On 13 July 2002, the regiment was presented with its current Standard by the then Governor General, Dr. Peter Hollingworth. On 26 July 2007, after 31 years of service the Leopard was replaced by 59 M1A1 Abrams AIM, with 41 being delivered to the regiment and the remaining vehicles issued to the School of Armour for use for training purposes. Seven M88A2 Hercules Armoured Recovery Vehicles were also acquired, two being delivered to the regiment. The Leopards never saw operational service, although during the 1999 East Timor crisis the regiment was placed on standby to deploy in the event the conflict escalated, while the regiment was not deployed during Australia's involvement in the 2003 invasion of Iraq. Members of the unit later deployed to Iraq and Afghanistan as Bushmaster PMV crews, while others have also served in East Timor and the Solomon Islands. During this period the regiment was the only main battle tank unit in the Australian Army and was based at Robertson Barracks, in Darwin.[Note 2] Until 2013 it provided the basis for one of three battlegroups within the mechanised 1st Brigade, which included two mechanised infantry battalions, one cavalry regiment, one tank regiment, and a medium artillery regiment.
As part of the Plan Beersheba reorganisation, the unit has become one of three Armoured Cavalry Regiments (ACRs) assigned to the Army's multirole combat brigades in Brisbane, Darwin and Townsville. As an ACR, the unit is equipped with M1A1 tanks, ASLAV light armoured vehicles, and M113 armoured personnel carriers. Under the reforms announced in 2011 and confirmed in the 2013 Defence White Paper, the three Regular Army brigades will be restructured between 2014 and 2017 into three Combat Brigades with a similar structure and capabilities, each consisting of: a Brigade Headquarters, an Armoured Cavalry Regiment, two Standard Infantry Battalions, an Artillery Regiment, a Combat Engineer Regiment, a Combat Service Support Battalion and a Combat Signals Regiment. In late 2015 one of the 1st Armoured Regiment's two tank squadrons was transferred to the Townsville-based 2nd Cavalry Regiment, with 14 of the tanks relocating. In October 2017, the 1st Armoured Regiment moved from Robertson Barracks in Darwin to RAAF Base Edinburgh in South Australia.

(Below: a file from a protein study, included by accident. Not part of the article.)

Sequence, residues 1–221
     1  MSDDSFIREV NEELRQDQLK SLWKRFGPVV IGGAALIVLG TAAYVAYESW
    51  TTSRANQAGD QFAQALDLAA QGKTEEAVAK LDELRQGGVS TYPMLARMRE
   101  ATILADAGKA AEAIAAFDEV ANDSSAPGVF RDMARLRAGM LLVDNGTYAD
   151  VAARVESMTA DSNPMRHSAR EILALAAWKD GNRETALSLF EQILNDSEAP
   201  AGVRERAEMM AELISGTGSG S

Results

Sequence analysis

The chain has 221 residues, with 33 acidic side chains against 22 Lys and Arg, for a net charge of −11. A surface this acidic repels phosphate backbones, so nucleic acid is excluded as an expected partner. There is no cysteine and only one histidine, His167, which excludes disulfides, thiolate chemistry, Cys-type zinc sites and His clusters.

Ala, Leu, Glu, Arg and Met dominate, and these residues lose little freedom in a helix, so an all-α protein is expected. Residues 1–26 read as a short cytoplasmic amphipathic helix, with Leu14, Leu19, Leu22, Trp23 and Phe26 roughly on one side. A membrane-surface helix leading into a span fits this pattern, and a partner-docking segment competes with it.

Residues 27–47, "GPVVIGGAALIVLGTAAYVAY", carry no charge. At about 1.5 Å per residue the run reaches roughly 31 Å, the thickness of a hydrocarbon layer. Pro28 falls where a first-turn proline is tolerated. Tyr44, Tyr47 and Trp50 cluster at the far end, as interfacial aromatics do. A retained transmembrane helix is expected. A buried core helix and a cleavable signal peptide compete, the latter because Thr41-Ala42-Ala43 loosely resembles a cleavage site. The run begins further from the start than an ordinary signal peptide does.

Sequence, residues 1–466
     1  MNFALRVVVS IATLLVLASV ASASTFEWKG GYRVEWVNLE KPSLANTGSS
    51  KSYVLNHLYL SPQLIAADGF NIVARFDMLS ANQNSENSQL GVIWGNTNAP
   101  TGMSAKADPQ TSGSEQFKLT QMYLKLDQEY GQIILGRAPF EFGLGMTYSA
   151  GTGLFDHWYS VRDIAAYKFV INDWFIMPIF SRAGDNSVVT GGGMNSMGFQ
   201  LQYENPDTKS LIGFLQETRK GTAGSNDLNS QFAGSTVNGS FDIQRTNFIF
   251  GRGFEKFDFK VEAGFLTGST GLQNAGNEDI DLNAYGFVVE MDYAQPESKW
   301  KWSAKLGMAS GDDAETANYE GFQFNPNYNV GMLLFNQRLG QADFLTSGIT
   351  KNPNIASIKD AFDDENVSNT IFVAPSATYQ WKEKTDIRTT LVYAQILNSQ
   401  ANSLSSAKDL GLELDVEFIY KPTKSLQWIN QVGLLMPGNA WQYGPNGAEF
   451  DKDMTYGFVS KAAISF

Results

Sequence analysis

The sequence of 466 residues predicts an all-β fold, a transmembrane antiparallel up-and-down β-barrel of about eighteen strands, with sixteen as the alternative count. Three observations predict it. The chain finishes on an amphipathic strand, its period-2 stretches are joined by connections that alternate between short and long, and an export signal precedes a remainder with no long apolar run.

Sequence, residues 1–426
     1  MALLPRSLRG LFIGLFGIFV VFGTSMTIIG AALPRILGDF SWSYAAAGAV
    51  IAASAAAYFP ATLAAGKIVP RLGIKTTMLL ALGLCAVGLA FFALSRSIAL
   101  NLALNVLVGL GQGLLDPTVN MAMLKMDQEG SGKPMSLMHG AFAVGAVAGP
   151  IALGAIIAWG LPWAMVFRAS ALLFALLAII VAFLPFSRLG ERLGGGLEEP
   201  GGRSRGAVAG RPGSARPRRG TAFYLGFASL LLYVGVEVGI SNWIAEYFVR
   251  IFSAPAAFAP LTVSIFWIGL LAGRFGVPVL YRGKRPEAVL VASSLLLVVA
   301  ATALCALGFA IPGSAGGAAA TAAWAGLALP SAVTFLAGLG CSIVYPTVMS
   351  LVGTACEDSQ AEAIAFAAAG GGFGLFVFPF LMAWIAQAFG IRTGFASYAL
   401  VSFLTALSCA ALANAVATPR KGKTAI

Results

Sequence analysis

From December 2017 the regiment was organised as follows:
- Headquarters Squadron
- A Squadron – Cavalry (equipped with the ASLAV)[Note 3]
- B Squadron – Tank (equipped with the M1A1 Abrams)
- C Squadron – Cavalry (equipped with the ASLAV)
- Support Squadron